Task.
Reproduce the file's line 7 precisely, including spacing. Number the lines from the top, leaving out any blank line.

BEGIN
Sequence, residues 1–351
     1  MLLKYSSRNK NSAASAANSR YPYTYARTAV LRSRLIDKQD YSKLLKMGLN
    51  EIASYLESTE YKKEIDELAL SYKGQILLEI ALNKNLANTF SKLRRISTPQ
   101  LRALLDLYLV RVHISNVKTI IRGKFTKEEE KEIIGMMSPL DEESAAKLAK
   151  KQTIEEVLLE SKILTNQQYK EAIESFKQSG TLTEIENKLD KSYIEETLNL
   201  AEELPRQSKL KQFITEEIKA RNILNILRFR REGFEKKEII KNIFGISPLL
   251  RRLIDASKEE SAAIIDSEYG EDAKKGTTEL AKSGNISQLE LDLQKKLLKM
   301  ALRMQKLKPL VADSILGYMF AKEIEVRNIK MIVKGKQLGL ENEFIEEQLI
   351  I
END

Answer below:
   251  RRLIDASKEE SAAIIDSEYG EDAKKGTTEL AKSGNISQLE LDLQKKLLKM